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Indybay FeatureRelated Categories: California | North Coast | Animal Liberation | Environment & Forest Defense
California Endangered Species Act Protection Sought for Nearly Extinct Humboldt Marten
ARCATA, Calif.— The Environmental Protection Information Center and the Center for Biological Diversity today petitioned the California Fish and Game Commission to protect the Humboldt marten under the California Endangered Species Act. The Humboldt marten is a cat-sized carnivore related to minks and otters that lives in old-growth forests in Northern California and southern Oregon. Most of the marten’s forest habitat has been destroyed by logging, and the remaining martens in California likely number fewer than 100 individuals. Consequently, California’s Humboldt martens are at grave risk of being lost entirely from the state.
“California’s Humboldt martens have been eliminated from 95 percent of their historic range,” said Rob DiPerna, EPIC’s California Forest and Wildlife Advocate. “Survival and recovery of the marten demands immediate action.”
The historic range of the marten extends from Sonoma County in coastal California north through the coastal mountains of Oregon. Once thought extinct, the Humboldt marten was rediscovered on the Six Rivers National Forest in 1996. Since that time, researchers have continued to detect martens in California, but also determined that Humboldt martens declined substantially between 2001 and 2008 and have not rebounded from that decline.
“The population size of the Humboldt marten is disturbingly low,” said Justin Augustine, with the Center for Biological Diversity. “We hope the commission works quickly to protect this species and help rebuild a viable marten population in California.”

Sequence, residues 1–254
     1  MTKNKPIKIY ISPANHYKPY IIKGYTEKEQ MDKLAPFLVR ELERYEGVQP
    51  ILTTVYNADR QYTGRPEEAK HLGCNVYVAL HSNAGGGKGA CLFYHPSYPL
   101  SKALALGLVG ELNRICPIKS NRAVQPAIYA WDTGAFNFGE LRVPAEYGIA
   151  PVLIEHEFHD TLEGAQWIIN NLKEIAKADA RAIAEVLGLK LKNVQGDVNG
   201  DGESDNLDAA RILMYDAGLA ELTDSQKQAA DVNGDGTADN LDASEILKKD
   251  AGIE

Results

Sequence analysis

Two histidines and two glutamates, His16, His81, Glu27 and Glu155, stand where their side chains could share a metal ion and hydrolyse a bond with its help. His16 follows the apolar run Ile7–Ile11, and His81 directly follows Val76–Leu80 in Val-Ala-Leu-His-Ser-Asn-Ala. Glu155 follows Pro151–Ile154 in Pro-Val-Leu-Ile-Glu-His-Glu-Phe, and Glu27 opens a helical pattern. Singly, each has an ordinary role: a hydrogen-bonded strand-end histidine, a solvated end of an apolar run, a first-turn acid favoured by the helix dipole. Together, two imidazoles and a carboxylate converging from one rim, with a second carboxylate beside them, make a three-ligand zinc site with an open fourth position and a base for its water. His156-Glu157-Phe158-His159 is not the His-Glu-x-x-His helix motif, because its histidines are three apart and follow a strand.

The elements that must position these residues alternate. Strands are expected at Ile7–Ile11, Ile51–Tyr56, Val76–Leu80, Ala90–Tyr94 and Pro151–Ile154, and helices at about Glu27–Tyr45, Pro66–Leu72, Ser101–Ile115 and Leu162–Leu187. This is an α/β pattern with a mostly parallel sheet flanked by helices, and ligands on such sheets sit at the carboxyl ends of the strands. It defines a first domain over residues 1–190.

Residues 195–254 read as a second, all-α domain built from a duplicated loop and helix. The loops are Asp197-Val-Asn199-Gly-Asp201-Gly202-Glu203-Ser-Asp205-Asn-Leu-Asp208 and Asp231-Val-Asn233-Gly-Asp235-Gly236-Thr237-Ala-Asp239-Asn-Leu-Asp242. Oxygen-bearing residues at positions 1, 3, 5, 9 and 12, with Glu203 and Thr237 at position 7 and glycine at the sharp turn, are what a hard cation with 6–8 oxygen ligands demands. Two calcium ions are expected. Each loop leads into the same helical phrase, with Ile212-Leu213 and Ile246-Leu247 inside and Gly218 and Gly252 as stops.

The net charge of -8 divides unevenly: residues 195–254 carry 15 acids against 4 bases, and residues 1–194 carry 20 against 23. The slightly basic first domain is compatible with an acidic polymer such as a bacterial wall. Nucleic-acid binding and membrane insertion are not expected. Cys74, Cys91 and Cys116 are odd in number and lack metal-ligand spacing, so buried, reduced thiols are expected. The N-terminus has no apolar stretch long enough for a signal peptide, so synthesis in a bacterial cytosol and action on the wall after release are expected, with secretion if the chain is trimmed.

The Fish and Game Commission has 10 days to refer the petition to the California Department of Fish and Wildlife. The department in turn has 90 days to make its recommendation as to whether the petition presents substantial information indicating that protecting the marten under the California Endangered Species Act may be warranted. After the department’s recommendation is received, the commission must make its own determination as to whether listing of the marten may be warranted. If so, the department will then have one year to conduct a more thorough status review of the marten.
Though fewer than 100 martens remain in California, last month the U.S. Fish and Wildlife Service declined to protect them under the federal Endangered Species Act. The Center, which petitioned for federal protection for the marten in 2010, plans to challenge the decision.
“The denial of protection is simply not a scientifically defensible decision,” said Augustine.
SAVING THE Humboldt marten
A stealthy, cat-sized forest carnivore in the weasel family, the Humboldt marten is so rare that it was thought extinct until rediscovered in 1996. Now, due to extensive logging of coastal old-growth forests in Northern California and Oregon — the only places it’s found — the marten has been eliminated from 95 percent of its historic range. Other threats to the marten abound, including wildfires and loss of genetic diversity due to population separation and a tiny overall population size. Fewer than 100 of these beautiful mammals are known to survive.